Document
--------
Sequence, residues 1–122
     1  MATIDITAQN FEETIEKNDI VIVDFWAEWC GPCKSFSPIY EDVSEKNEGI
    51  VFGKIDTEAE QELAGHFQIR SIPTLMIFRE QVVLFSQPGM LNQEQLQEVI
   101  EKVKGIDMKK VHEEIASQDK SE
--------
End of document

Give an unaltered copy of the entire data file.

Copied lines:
Sequence, residues 1–122
     1  MATIDITAQN FEETIEKNDI VIVDFWAEWC GPCKSFSPIY EDVSEKNEGI
    51  VFGKIDTEAE QELAGHFQIR SIPTLMIFRE QVVLFSQPGM LNQEQLQEVI
   101  EKVKGIDMKK VHEEIASQDK SE